2. Pre-Classical Sentiment
Rosen claims that in the early eighteenth century, the "Unity of Sentiment" governed the music. The only music that escaped this unity was the music based on improvisation (toccatas, fantasies...). But every other works used to have only one sentiment, one single affect for the whole piece. That's the reason why when an articulation appeared it had the power to shock. For instance, Bach rarely wrote articulations and, when he did it, it was especially astonishing.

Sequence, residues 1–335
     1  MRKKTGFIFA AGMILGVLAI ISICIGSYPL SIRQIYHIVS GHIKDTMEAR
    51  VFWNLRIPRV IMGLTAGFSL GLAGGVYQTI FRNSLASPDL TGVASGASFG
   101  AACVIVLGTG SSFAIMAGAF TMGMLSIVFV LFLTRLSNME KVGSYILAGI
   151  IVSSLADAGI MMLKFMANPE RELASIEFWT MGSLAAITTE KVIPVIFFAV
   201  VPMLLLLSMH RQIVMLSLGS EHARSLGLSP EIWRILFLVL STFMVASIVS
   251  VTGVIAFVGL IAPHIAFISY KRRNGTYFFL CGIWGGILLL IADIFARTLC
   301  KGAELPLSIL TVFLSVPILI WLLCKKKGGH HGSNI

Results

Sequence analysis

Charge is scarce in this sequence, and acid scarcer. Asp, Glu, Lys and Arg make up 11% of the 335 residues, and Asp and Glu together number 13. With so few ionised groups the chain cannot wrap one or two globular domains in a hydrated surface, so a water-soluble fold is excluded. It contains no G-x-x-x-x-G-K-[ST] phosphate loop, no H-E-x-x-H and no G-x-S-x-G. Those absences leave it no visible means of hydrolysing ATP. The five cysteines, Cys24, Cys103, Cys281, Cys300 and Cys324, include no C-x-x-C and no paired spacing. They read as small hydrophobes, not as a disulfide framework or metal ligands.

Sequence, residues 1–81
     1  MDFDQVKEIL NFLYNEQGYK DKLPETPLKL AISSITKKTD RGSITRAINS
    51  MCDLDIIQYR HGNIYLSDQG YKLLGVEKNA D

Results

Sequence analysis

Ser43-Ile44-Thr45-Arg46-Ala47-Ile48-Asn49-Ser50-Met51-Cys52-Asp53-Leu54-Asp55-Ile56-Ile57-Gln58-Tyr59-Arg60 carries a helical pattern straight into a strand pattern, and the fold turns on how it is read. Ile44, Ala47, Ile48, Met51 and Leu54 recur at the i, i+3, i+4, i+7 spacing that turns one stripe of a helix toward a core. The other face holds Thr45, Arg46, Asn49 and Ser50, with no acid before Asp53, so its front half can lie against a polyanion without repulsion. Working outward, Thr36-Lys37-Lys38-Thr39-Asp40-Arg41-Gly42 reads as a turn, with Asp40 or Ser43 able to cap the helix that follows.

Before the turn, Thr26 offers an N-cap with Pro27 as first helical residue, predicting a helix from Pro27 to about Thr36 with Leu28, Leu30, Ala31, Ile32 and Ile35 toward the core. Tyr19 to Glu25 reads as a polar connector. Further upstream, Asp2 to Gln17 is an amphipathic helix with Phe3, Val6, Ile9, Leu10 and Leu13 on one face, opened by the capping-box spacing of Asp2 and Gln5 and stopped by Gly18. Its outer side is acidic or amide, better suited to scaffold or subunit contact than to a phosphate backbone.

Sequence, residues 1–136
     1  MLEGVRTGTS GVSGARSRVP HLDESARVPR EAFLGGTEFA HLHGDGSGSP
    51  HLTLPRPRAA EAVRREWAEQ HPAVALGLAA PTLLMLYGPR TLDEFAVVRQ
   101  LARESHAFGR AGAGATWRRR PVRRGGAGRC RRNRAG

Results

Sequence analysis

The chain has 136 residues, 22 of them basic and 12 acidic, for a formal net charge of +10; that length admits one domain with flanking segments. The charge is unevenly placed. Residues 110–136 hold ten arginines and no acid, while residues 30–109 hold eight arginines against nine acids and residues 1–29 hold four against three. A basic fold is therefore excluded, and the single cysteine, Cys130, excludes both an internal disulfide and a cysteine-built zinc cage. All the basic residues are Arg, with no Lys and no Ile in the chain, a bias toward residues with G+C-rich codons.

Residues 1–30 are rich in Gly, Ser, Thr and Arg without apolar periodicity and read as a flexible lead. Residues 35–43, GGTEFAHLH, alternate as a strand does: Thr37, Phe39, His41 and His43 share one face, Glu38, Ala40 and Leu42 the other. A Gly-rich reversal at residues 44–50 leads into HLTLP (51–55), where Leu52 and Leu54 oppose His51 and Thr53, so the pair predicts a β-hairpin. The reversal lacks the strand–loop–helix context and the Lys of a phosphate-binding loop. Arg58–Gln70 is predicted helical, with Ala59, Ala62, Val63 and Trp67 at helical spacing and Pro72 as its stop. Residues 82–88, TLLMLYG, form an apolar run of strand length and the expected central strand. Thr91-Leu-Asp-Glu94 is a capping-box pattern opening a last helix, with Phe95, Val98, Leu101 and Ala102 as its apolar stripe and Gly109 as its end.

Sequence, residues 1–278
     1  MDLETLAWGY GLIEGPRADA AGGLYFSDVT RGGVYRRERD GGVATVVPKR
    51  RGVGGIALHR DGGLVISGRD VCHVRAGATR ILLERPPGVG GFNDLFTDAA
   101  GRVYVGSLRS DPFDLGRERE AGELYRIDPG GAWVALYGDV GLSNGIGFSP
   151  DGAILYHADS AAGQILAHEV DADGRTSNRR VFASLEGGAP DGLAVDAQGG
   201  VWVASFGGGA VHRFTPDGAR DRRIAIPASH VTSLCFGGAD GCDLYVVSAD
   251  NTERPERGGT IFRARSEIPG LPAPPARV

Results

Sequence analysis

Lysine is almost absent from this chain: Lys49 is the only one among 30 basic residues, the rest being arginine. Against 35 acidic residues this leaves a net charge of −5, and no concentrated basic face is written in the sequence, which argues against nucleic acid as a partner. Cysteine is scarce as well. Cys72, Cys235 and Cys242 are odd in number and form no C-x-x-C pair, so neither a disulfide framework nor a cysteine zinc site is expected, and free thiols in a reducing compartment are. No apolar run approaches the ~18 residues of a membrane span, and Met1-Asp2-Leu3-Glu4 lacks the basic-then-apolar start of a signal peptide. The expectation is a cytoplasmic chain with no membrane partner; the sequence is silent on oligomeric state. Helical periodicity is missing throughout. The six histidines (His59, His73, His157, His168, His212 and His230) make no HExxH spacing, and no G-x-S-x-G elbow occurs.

However, as Rosen says, "the Unity of Sentiment did not entail a monotonous representation of the affective content but allowed for subtle inflections". Pre-Classical Music is constantly inflected by changes in the harmony or in the texture. Consequently, the "undulations of expressive intensity are extraordinary. They are, however, never exaggerated." This development of a basic sentiment would be the prophecy of the later music developments: "When composers learned to integrate the fantastic contrasts of Baroque improvisation within a complex and formal structure, the Unity of Sentiment lost out to a new art of dynamic contrast."